You are using an older browser version. Please use a supported version for the best MSN experience.

COVID-19 hasn't slowed global warming: Earth's carbon dioxide levels highest in over 3 million years, NOAA says

USA TODAY logo USA TODAY 5 days ago Doyle Rice, USA TODAY
UP NEXT
UP NEXT

The COVID-19 pandemic did nothing to slow the root cause of global warming. 

In fact, the level of carbon dioxide in the Earth's atmosphere is now higher than it has been in at least 3.6 million years, federal scientists announced Wednesday.

At that time, sea levels were as much as 78 feet higher, the average temperature was 7 degrees Fahrenheit higher than in pre-industrial times, Greenland was mostly green, and Antarctica had trees. 

Start the day smarter. Get all the news you need in your inbox each morning.

Overall, levels of carbon dioxide (CO2) and methane – the two most important greenhouse gases – continued their unrelenting rise in 2020 despite the economic slowdown caused by the pandemic, according to scientists from the National Oceanic and Atmospheric Administration. 

“Human activity is driving climate change,” Colm Sweeney of NOAA's Global Monitoring Laboratory said in a statement released Wednesday. “If we want to mitigate the worst impacts, it’s going to take a deliberate focus on reducing fossil fuels emissions to near zero – and even then we’ll need to look for ways to further remove greenhouse gases from the atmosphere.”

a large long train on a track with smoke coming out of it: Smoke billows from a large steel plant on November 4, 2016 in Inner Mongolia, China. Over the industrial era, the amount of carbon dioxide in the atmosphere has increased by about 40%, according to the U.S. Global Change Research Program. © Kevin Frayer Smoke billows from a large steel plant on November 4, 2016 in Inner Mongolia, China. Over the industrial era, the amount of carbon dioxide in the atmosphere has increased by about 40%, according to the U.S. Global Change Research Program.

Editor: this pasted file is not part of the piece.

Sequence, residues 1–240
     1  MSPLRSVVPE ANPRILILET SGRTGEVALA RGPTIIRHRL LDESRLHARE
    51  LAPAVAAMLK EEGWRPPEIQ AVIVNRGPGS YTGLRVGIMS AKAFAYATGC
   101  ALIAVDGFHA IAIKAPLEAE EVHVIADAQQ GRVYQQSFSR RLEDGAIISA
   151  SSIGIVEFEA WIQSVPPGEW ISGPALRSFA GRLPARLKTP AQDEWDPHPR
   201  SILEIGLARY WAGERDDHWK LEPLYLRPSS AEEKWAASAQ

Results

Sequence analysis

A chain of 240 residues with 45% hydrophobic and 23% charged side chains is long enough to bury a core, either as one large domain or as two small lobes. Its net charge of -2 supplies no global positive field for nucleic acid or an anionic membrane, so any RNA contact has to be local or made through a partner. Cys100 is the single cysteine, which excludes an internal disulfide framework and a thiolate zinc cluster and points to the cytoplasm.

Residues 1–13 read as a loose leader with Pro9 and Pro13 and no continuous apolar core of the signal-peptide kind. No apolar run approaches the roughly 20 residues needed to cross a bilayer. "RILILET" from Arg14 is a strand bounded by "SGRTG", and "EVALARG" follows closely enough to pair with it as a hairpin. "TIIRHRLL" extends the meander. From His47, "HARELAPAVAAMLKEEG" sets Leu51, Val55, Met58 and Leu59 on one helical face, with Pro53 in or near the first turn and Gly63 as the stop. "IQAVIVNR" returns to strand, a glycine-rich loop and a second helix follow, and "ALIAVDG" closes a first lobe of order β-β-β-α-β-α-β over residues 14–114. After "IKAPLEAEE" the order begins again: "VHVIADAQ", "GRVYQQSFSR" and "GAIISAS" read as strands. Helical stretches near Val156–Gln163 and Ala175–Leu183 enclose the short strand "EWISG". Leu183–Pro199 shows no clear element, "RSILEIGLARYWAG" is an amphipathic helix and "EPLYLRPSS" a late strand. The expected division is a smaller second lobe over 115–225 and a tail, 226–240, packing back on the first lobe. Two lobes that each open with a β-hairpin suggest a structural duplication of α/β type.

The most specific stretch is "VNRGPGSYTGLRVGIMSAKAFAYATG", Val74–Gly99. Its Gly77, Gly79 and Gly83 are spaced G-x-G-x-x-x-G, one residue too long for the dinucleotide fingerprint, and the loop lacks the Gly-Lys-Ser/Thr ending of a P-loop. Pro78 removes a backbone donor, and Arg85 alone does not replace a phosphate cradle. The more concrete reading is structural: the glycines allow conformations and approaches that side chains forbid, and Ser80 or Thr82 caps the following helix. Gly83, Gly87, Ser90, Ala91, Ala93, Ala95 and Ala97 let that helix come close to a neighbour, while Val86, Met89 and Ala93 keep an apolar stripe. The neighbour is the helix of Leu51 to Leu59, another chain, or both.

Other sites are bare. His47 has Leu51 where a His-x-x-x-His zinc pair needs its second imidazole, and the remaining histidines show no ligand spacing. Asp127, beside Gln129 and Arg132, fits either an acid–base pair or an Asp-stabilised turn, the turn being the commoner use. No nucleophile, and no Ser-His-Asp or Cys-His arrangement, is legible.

The burning of fossil fuels such as coal, oil and gas releases greenhouse gases such as carbon dioxide and methane, which has caused the temperature of Earth's atmosphere to rise to levels that cannot be explained by natural causes, scientists say. 

In the past 20 years, the world's temperature has risen about two-thirds of a degree, NOAA said.

“We’re completely certain that the increase in CO2 is warming the planet,” Kate Marvel, a climate scientist at NASA, told the Capital Weather Gang this week. “I’m even more certain CO2 causes global heating than I am that smoking causes cancer. The world is already more than 2 (degrees) warmer than it was before the Industrial Revolution.”

Carbon dioxide is called a greenhouse gas because of its ability to trap solar radiation and keep it confined to the atmosphere. 

It is invisible, odorless and colorless yet is responsible for 63% of the warming attributable to all greenhouse gases, according to NOAA's Earth System Research Laboratory in Colorado.

The global surface average for carbon dioxide was 412.5 parts per million (ppm) in 2020, rising by 2.6 ppm during the year. The global rate of increase was the fifth-highest in NOAA’s 63-year record. 

The pandemic-fueled economic recession was estimated to have reduced carbon emissions by about 7% in 2020, NOAA said. Without the economic slowdown, the 2020 increase would have been the highest on record, according to Pieter Tans, senior scientist at NOAA’s Global Monitoring Laboratory. 

NOAA’s analysis also showed the annual increase in atmospheric methane – a far more potent greenhouse gas than carbon dioxide when it comes to global warming – for 2020 was 14.7 parts per billion, the largest annual increase recorded since measurements began in 1983. 

"Although increased fossil emissions may not be fully responsible for the recent growth in methane levels, reducing fossil methane emissions are an important step toward mitigating climate change," said NOAA research chemist Ed Dlugokencky.

This article originally appeared on USA TODAY: COVID-19 hasn't slowed global warming: Earth's carbon dioxide levels highest in over 3 million years, NOAA says

AdChoices
AdChoices

More From USA TODAY

image beaconimage beaconimage beacon